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Research Update: Early Morning Workouts Linked with Lower Body Weight

High levels of physical activity (regular exercise) offers the body many benefits. It:


  • Builds lean muscle
  • Increases strength
  • Reduces body fat
  • Boosts mood
  • Sparks creativity
  • Supports cardiometabolic and cognitive health


Based on the laundry-list of benefits that exercise imparts, it comes as little surprise that it is a key part of maintaining weight loss results. But, you may wonder if there is a best time of day to workout for weight loss/maintenance.


That’s exactly what a recent study sought to determine, and we’re going to discuss the results with you today!


The Study


Researchers analyzed data from over 5,000 individuals to understand the effect of “the diurnal pattern” of moderate-to-vigorous exercise on the association between rigorous exercise and obesity.[1]


Basically, the researchers wanted to see if the time of day an individual exercised significantly impacted their ability to lose/maintain weight.


After analyzing all of the data, researchers discovered that individuals who exercised in the morning had a lower body mass index (BMI) and waist circumference.[1]


Specifically, morning exercisers had an average BMI of 27.4 compared to individuals who worked out in the afternoon (28.4) and evening (28.2). Note: “Healthy” BMI is 18.5-24.9. “Unhealthy” BMI is 25.0-29.9. “Obese” is a BMI greater than 30.0.[2]


Similar findings were noted for waist circumference -- morning exercisers had an average waist was 37.7 inches, compared to 38.5 inches for the afternoon exercises, and 38.3 inches for the evening exercisers.[1]


What’s even more interesting is that people exercising in the morning were healthier even when they did less physical activity overall than individuals who worked out in the afternoon and evening.[1]


Based on their findings, the authors’ concluded that:


“...morning exercise could be an important factor in preventing obesity and having a “positive impact” on people who might otherwise be sedentary during the rest of the day.”




While “early morning exercise linked with lower BMI” makes for a great deadline, if you look at the actual differences in waist circumference and body mass index, you’ll see there is not that big of a difference (BMI 27.4 vs 28.2, morning vs evening exercisers).[1]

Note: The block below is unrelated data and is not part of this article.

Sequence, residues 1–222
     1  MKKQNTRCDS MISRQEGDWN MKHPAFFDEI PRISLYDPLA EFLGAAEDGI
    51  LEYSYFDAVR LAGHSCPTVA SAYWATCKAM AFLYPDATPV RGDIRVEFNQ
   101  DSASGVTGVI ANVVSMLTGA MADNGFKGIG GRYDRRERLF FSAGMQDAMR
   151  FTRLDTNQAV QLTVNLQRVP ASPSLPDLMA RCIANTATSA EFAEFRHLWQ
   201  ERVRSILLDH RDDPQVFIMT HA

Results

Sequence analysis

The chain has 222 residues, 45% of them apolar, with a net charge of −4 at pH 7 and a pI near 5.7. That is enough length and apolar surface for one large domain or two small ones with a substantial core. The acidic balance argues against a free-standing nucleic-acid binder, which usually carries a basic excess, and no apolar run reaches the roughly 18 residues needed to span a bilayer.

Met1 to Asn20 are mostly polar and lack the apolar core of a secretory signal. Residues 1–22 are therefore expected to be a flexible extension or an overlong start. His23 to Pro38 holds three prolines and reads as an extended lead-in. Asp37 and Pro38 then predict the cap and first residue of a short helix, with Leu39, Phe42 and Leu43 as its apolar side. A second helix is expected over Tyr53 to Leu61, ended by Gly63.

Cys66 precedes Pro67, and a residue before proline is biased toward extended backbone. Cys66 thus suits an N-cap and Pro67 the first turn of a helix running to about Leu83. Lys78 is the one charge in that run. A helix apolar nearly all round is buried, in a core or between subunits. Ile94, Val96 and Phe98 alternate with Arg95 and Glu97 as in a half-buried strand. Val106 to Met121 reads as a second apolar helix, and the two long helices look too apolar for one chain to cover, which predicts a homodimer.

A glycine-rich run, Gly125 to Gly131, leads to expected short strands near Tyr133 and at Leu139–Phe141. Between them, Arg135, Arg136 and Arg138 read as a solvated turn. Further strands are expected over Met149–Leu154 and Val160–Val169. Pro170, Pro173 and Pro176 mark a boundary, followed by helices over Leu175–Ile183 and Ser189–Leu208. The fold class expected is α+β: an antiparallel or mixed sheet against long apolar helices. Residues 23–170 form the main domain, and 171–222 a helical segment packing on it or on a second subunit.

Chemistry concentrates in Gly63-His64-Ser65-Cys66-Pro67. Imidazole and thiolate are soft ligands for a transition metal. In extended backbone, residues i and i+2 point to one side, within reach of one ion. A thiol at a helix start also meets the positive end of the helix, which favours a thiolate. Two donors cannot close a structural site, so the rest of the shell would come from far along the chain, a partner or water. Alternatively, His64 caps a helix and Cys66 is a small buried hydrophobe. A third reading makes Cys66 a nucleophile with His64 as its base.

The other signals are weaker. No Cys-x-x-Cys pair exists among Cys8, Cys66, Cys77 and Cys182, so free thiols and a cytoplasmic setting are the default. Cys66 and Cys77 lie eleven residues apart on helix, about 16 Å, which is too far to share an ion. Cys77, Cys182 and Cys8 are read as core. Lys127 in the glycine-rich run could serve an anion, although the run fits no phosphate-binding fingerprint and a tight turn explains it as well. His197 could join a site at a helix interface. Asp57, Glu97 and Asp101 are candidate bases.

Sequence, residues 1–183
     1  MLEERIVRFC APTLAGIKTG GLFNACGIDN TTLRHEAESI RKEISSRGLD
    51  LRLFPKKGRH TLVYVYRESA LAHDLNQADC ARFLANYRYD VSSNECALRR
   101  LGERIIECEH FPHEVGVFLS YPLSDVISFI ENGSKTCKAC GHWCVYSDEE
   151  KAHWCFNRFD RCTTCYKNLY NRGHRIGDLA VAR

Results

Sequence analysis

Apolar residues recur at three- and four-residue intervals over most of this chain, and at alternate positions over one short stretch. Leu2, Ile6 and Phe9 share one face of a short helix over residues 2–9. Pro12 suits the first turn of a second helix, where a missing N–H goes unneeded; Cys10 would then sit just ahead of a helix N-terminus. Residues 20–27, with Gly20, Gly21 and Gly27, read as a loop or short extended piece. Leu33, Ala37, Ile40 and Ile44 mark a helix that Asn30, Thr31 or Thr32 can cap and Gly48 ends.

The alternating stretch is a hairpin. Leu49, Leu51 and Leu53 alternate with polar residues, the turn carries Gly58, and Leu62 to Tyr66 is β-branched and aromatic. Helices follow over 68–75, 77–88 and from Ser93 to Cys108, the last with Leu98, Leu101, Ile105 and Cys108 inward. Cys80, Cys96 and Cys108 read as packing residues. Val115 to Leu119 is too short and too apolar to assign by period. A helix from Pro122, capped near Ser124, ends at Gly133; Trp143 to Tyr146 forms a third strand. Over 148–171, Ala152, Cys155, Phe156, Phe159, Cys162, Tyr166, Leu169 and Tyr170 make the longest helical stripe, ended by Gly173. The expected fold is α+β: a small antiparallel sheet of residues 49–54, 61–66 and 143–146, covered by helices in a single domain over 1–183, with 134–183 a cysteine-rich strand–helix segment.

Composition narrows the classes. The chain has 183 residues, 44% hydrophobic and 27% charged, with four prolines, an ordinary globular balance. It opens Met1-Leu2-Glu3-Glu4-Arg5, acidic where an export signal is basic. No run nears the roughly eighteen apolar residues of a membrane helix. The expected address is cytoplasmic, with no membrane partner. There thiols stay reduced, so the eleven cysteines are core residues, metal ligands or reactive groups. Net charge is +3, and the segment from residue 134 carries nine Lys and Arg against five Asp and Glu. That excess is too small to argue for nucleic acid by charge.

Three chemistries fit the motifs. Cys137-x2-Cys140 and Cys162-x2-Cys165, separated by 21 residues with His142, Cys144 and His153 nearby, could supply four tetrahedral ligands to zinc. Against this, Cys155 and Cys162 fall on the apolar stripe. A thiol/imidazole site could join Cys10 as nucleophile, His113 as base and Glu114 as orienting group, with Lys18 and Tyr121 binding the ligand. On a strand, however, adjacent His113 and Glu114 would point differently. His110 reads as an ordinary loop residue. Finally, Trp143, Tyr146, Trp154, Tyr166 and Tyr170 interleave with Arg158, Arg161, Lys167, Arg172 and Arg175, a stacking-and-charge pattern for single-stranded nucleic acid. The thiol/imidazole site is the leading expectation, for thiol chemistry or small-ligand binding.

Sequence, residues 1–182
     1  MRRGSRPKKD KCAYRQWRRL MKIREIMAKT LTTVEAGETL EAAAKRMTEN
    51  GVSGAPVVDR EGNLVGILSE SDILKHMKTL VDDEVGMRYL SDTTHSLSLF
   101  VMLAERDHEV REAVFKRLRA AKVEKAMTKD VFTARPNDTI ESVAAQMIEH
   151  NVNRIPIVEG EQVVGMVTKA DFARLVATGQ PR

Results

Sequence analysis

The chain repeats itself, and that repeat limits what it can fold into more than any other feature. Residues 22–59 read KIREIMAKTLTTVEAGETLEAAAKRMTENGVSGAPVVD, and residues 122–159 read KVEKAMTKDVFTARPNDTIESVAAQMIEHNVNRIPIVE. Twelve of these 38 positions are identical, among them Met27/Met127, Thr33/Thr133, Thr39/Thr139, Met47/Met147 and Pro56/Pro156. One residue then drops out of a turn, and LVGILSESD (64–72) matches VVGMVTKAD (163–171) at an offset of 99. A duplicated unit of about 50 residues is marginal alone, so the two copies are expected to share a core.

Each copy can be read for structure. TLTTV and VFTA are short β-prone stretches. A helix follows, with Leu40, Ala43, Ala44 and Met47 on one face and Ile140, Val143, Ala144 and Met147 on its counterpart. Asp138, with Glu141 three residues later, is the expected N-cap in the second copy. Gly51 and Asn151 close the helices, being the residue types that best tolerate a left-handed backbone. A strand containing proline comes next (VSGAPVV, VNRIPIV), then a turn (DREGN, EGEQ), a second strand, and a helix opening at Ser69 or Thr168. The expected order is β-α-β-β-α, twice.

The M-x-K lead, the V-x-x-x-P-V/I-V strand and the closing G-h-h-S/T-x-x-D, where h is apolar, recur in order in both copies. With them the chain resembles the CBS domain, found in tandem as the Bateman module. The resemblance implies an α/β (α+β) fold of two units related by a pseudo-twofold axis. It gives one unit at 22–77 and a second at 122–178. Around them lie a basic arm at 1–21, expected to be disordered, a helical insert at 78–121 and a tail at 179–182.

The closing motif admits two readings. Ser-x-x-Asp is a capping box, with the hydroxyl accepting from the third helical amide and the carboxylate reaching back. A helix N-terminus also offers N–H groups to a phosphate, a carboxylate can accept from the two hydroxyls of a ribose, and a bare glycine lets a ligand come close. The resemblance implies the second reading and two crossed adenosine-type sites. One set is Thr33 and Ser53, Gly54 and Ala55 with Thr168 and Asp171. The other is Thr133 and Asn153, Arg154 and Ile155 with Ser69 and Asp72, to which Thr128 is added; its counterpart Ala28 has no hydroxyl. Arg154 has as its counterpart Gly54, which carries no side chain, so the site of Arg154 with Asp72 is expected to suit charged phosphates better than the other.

All groups are still in the “unhealthy” BMI category, with the afternoon exercisers being the most unhealthy, on average.


What this means is that just because you exercise first thing in the morning doesn’t automatically mean that you will be lean, fit, and healthy.


However, there are several reasons why exercising first thing in the morning may help you to live a healthier lifestyle and be in better overall shape.


For starters, exercising first thing in the morning means you greatly reduce the chance that something will “pop up” and force you to delay or cancel your workout. This can keep you on track with your training program and bring you closer each day to your fitness and physique goals.


Morning exercise also improves cognitive function, mood, alertness, and concentration by stimulating the release of various neurotransmitters, catecholamines, and endorphins. This can help you to be more active/productive during the day, and thus burn more overall daily calories.


Another factor at play could be circadian rhythm which significantly impacts hormone levels and overall metabolism. Exercising earlier in the morning could have a greater overall beneficial impact on the myriad hormones that affect glucose metabolism, nutrient partitioning, fat burning, muscle building, etc. as opposed to evening exercise. However, more research needs to be conducted for researchers to fully understand why early morning exercisers tend to have lower body weights, based on this study.




Early morning exercise may be associated with lower body weights and better cardiometabolic health, based on this study.


What’s more important than the time of day you exercise is that you actually work out.


If you work the night shift, and your only option is to exercise right before work, then that’s when you should exercise.


If you find that you are able to push harder during afternoon/evening workouts as opposed to first thing in the morning, then you will ultimately be able to lift more weight for more reps, burn more calories, and build greater strength.


In other words, focus on getting your workouts in each day, and worry less about the exact time of your workouts.


This same mindset can be applied to other aspects of your fitness, such as the “best time to take creatine” or “when should I take my multivitamin?”


Being consistent with your fitness, supplementation regimen, nutrition plan, etc. will have a considerably greater impact on your health, fitness and physique than stressing about the “perfect” or “optimal” time to do things.


Remember, we’re always here to help you -- whether that’s answering questions about your diet, training, or supplementation or sorting through the endless waves of hyperbole and misinformation that plagues the fitness industry.


When you sign up for the 1UP Fitness App, you’ll gain access to our exclusive Facebook group where you’ll be able to ask questions, receive encouragement, and interact with other goal-oriented individuals to stay on track with your goals and get the results you want!



  1. Ma, T, Bennett, T, Lee, C-D, Wicklow, M. The diurnal pattern of moderate-to-vigorous physical activity and obesity: a cross-sectional analysis. Obesity (Silver Spring). 2023; 31(10): 2638-2647. doi:10.1002/oby.23851
  2. https://www.cdc.gov/healthyweight/assessing/bmi/adult_bmi/index.html#trends

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